Should landlords reduce rents to keep occupiers in Midlands shopping centres?


Retail opinion by Matthew Hannah

The reality is that rents in the retail sector have fallen. A variety of factors are at play but it means retailers will be in a position to negotiate.

Lease lengths leases have fallen consistently over the last few years. Retailers can negotiate break clauses on new leases to avoid being locked into stores that are not performing, which helps to get the market moving forward. 

Vacant units leave the landlord paying the rates and the contribution to running costs and service charges so they are taking a commercial view.

Existing tenants need to consider if there are lease events such as break clauses or expiries on the horizon which would give them a base to negotiate from.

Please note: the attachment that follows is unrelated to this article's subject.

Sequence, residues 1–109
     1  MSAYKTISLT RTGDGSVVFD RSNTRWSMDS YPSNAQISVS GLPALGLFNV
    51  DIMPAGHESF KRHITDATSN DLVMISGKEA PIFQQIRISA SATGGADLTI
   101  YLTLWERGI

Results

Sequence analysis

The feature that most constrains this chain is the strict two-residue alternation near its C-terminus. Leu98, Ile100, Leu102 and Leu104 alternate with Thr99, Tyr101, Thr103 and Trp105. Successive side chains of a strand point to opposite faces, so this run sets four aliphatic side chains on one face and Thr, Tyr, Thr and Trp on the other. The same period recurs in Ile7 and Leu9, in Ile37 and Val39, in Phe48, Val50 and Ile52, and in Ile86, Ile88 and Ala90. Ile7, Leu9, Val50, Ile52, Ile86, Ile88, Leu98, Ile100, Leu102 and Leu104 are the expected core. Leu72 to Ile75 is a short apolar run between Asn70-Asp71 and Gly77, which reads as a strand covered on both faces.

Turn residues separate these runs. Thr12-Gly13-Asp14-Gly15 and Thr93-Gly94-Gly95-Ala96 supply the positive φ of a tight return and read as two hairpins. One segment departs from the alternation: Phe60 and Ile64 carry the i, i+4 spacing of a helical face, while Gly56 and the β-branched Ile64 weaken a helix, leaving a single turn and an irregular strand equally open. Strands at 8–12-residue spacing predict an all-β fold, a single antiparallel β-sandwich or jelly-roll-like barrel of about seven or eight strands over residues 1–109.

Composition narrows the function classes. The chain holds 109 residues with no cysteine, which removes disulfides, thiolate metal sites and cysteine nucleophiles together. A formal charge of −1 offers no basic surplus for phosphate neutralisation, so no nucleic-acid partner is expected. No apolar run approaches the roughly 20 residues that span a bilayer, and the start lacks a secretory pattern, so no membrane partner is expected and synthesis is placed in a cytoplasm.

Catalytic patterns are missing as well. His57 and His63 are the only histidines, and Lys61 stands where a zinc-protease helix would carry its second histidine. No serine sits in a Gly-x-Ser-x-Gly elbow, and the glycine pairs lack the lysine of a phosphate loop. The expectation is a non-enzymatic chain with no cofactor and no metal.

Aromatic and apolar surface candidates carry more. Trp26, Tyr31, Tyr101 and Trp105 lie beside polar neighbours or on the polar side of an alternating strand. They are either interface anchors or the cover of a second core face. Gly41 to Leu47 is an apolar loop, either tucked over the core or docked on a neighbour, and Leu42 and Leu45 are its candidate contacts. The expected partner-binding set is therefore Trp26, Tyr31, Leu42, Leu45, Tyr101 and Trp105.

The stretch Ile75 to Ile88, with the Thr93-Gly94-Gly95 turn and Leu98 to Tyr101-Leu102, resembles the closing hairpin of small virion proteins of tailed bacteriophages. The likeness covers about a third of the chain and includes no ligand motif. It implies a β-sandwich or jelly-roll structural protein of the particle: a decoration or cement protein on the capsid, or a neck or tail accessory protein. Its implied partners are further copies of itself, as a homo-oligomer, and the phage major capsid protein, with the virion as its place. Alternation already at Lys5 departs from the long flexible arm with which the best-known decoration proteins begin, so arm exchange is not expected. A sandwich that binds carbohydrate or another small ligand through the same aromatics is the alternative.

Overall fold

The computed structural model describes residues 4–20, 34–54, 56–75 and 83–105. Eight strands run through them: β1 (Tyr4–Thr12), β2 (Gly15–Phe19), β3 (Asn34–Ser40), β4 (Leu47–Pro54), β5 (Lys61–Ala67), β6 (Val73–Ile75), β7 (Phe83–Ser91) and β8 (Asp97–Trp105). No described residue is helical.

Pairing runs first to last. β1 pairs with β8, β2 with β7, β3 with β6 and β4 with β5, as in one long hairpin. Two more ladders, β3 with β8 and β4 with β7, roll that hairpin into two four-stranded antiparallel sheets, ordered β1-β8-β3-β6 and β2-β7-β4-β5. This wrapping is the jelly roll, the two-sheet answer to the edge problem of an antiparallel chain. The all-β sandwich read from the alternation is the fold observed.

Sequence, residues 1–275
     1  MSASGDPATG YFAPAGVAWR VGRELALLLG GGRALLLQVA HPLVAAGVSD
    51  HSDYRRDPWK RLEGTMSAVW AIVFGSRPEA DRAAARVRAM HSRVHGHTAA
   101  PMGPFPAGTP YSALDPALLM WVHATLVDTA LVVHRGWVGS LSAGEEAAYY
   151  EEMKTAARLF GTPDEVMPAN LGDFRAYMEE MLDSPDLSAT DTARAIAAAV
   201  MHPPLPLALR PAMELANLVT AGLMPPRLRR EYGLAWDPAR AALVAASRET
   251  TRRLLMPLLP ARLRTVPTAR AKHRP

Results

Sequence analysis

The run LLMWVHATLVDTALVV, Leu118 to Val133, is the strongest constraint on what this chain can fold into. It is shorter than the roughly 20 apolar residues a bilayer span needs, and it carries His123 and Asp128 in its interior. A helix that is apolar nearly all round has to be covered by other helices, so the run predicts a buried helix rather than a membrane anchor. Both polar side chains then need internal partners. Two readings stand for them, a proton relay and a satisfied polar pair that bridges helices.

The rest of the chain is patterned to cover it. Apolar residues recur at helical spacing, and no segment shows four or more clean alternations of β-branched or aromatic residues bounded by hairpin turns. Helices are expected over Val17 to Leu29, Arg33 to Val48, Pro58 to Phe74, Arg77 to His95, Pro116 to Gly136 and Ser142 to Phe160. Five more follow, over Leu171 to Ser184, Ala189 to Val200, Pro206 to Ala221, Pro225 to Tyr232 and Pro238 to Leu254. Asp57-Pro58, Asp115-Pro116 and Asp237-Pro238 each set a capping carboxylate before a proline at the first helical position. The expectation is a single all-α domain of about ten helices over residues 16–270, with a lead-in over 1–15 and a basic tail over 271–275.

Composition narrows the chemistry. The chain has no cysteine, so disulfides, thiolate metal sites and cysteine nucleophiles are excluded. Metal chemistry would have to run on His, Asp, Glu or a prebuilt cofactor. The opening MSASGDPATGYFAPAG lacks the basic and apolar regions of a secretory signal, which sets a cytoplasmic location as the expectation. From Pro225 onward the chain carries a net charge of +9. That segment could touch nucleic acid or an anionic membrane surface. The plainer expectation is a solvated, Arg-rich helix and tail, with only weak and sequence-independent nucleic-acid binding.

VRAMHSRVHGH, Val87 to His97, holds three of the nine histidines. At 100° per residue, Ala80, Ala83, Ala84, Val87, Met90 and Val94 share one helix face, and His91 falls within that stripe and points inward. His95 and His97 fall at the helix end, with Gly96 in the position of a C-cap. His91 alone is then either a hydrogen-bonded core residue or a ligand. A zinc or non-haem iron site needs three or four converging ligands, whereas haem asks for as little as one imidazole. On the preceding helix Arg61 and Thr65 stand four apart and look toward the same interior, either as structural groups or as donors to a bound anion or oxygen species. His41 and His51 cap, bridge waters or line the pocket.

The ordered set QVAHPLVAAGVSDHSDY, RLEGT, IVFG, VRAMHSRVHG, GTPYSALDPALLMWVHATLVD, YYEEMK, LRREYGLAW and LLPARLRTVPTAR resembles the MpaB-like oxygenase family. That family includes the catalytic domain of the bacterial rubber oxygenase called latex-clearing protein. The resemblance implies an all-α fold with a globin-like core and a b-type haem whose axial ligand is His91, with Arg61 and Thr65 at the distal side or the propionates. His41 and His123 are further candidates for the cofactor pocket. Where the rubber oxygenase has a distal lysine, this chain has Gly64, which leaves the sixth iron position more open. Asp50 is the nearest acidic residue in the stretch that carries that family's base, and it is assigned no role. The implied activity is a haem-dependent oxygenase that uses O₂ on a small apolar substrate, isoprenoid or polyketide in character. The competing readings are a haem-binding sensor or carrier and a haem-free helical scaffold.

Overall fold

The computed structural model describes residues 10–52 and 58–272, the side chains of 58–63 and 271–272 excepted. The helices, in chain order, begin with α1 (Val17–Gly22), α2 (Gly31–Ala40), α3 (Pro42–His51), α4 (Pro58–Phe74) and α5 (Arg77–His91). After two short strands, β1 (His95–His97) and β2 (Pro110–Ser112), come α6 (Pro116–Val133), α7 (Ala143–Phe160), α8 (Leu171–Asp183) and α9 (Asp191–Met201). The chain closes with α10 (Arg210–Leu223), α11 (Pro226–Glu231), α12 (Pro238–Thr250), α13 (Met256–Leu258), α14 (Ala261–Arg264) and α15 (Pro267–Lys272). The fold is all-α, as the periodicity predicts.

Customers want their shopping trip to be part of a leisure experience.  Existing centres can address this and reduce vacant units and increase dwell time through modern centre design and incorporating a diverse tenant mix of shops and restaurants.

Ultimately, the shopper is king and every centre needs landlords and tenants working together to ensure the footfall and spending levels remain healthy and seek to increase those levels through a range of initiatives.